Library Journal
Inventors Nikola Tesla and Thomas Edison—the Bill Gates and Steve Jobs of their era? That's the publisher's fanciful characterization of this account of the life of Serbian-born Tesla (1856–1943), whose numerous inventions include the alternating-current electrical system and wireless communication. Sarajevo-born Pištalo, who won Serbia's prestigious NIN Prize and of whose 11 books of fiction this is the first to be published in English, tracks his subject from lowly village boy through his travels to western Europe then on to America, where he tangles with Edison and George Westinghouse, experiences dire poverty, then rises to renown—"Lady Astor's salon could accommodate only the Four Hundred. Tesla was one of them." Along the way he also rubs shoulders with Rudyard Kipling, Mark Twain, Poland's former prime minister Ignacy Paderewski, and Stanford White, among others. Pištalo's exuberance at times leads to such sentences as "Abstract concepts flew from Tesla's mouth like cosmic winds that powered ethereal engines." Though the author provides a wealth of detail, we don't glimpse Tesla from the inside out. The translation is aptly idiomatic. VERDICT Recommended for readers who enjoy a life story told with pizzazz.—Edward B. Cone, New York
Kirkus Reviews
★ 2014-12-07
In his first novel translated into English, Pištalo recounts the tortured, fascinating life of Nikola Tesla, a familiar figure in pop culture and history. This tale charts much of Tesla's life: his fraught relationship with his father, his feud with Edison, his seclusion in old age. But Pištalo's great achievement is to see beyond the familiar. Absent is the forbidding notion of the "great man" found in many biographies; with the freedom of fiction, Pištalo shows a fragile but driven individual, easily wounded, somewhat arrogant and tortured by memories of family trauma. Is poetic license taken occasionally? Absolutely. But this isn't nonfiction. Instead, it has the scope of biography, the intimacy of fiction and the elegance of poetry. Pištalo's fractured structure—with elliptical chapters—provides the sense of a life being lived in front of the reader, moment by moment. (This remains true despite some authorial intrusions, e.g., "At this point of the story, I have to gently but firmly take the reader by the arm….") But finally, there is Tesla himself at the center, a figure from history who, here, seems appealingly modern—a man merely trying "to piece together some sort of meaning for his life." Take, for instance, the early chapters, in which he leaves the comforts of the small village where he grew up to attend school in a big city. There, he has a college experience like any other: meeting combative and supportive professors, struggling with grades and too much partying, and spending long nights sharing new ideas with new friends. Surely many readers will recognize these experiences. This is the great empathetic work that fiction can do: taking a life from the past and making it relatable. A moving, inventive and poetic work of biographical fiction.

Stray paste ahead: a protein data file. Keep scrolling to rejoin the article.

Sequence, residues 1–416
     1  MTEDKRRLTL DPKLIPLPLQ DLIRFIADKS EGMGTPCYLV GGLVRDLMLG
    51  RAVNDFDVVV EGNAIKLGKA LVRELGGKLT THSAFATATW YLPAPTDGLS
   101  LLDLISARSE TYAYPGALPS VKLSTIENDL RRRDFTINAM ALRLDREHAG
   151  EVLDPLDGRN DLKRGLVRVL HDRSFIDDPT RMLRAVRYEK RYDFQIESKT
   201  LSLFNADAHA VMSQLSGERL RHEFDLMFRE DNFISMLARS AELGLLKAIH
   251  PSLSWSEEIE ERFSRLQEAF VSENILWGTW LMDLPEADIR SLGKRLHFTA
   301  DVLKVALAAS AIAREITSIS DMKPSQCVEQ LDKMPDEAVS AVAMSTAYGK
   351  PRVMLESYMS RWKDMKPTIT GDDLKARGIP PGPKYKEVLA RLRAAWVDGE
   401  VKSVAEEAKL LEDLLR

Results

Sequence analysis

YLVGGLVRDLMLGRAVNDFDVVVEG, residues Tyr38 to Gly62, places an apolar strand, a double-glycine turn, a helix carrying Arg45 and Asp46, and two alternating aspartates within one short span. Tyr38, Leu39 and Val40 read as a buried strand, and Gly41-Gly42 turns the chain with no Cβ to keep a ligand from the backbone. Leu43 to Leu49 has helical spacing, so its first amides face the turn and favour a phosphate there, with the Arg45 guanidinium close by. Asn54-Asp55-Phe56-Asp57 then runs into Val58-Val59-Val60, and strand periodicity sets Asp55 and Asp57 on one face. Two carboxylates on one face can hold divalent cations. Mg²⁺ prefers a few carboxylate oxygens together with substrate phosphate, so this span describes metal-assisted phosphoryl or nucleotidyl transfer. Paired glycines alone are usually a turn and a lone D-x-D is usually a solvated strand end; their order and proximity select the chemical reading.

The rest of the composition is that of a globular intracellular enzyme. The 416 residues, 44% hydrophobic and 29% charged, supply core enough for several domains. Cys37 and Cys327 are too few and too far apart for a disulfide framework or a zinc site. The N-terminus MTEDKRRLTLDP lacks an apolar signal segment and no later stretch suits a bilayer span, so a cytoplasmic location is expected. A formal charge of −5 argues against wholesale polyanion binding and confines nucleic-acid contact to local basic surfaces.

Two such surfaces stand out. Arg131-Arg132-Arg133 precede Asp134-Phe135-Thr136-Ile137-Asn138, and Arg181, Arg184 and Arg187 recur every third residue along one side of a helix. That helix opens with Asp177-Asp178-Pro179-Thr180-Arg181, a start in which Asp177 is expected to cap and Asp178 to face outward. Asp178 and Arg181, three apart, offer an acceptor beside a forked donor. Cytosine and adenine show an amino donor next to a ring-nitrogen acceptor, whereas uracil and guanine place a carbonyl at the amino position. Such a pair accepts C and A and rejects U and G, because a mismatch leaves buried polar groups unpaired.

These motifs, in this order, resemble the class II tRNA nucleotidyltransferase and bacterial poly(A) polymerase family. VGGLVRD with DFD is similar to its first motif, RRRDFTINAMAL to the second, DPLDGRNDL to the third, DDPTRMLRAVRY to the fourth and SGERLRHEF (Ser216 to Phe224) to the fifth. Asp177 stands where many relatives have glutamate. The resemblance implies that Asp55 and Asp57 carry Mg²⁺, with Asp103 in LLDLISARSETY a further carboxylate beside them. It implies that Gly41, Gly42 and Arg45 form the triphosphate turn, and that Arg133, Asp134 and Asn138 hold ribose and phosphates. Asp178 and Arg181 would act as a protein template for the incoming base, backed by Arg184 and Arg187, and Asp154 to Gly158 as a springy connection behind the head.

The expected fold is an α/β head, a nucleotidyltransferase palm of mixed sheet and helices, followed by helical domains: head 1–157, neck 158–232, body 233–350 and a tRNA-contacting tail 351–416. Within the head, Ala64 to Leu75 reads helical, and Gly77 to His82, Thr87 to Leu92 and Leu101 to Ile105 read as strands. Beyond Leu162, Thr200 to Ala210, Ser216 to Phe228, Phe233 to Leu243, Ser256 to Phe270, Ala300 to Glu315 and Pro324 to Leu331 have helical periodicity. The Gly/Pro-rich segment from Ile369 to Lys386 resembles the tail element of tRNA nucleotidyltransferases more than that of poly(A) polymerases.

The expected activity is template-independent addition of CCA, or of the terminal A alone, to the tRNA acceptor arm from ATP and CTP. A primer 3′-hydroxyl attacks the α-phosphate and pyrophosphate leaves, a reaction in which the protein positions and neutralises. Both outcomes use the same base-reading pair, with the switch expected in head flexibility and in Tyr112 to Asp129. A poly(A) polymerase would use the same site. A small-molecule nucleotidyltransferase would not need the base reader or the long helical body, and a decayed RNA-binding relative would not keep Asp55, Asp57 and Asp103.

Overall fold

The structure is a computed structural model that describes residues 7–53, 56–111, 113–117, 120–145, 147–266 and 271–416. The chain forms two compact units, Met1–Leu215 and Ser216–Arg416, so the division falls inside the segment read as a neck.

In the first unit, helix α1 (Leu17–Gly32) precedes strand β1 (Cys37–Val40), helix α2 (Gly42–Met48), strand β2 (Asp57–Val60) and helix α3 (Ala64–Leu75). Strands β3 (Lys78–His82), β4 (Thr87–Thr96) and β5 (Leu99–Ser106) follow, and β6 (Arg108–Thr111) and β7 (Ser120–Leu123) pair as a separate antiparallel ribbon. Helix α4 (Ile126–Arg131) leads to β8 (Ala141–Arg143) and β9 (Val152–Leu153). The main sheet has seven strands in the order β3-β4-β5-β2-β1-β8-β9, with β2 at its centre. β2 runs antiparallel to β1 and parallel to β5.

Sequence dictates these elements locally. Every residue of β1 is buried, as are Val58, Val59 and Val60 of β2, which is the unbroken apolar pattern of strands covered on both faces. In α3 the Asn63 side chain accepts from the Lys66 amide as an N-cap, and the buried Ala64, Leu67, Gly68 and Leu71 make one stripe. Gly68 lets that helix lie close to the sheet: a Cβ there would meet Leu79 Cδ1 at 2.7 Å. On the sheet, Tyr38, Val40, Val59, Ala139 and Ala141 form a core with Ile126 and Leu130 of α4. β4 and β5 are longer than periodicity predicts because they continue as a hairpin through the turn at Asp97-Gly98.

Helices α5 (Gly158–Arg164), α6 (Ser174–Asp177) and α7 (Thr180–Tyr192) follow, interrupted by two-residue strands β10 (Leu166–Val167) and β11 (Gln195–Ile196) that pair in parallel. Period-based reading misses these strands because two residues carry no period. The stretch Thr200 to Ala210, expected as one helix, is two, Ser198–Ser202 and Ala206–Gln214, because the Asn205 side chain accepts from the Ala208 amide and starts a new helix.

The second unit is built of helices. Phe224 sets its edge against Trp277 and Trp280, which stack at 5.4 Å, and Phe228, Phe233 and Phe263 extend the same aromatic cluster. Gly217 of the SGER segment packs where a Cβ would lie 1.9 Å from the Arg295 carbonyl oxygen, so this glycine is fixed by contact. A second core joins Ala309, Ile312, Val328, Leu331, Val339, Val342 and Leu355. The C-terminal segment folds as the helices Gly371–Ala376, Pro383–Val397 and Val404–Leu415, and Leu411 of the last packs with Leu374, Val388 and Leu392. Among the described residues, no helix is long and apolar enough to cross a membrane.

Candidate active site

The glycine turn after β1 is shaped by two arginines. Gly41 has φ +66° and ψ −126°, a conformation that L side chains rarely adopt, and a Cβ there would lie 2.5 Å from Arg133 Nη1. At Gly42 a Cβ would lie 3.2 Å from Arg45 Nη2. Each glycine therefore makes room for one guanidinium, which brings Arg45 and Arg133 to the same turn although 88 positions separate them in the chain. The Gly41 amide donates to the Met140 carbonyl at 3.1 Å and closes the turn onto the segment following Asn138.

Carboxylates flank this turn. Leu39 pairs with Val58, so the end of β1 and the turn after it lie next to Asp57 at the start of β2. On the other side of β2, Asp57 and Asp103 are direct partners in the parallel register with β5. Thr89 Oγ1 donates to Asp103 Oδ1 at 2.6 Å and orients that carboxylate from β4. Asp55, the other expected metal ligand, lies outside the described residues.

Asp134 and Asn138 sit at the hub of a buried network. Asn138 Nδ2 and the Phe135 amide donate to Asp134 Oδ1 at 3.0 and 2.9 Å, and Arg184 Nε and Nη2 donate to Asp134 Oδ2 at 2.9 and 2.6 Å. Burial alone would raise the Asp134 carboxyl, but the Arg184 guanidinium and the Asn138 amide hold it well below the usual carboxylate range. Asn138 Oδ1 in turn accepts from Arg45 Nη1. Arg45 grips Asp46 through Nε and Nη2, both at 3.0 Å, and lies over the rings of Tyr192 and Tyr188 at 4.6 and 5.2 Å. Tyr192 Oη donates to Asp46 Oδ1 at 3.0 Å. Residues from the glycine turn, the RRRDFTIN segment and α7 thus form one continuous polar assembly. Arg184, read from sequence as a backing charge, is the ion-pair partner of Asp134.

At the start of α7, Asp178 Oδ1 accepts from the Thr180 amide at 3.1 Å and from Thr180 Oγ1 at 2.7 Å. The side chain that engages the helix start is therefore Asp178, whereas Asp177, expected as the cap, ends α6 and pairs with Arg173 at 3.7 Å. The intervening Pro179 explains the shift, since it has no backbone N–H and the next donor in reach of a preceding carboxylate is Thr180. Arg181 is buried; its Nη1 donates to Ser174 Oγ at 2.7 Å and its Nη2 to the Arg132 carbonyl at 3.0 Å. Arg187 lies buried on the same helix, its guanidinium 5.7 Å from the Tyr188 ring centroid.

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Tesla: A Portrait with Masks

A Novel

By Vladimir Pistalo, Bogdan Raki, John Jeffries

Graywolf Press

Copyright © 2008 Vladimir Pistalo
All rights reserved.
ISBN: 978-1-55597-332-2



A Beautiful Phenomenon

What is this world?

What is the purpose of existence?

Such thoughts played in Milutin Tesla's head like kittens until he settled on the ultimate, frightening question: What is "what"? At this point the priest's thoughts died out and he started to feel dizzy.

The human mind is pragmatic—it's basically a tool, Milutin concluded. A saw cuts trees. One can take a bow and play music on it, but that's not what a saw's made for.

He advised his students to stop dithering and make up their minds. "I, for example, was about to graduate from a military academy," he told them, "but I quit and became a priest."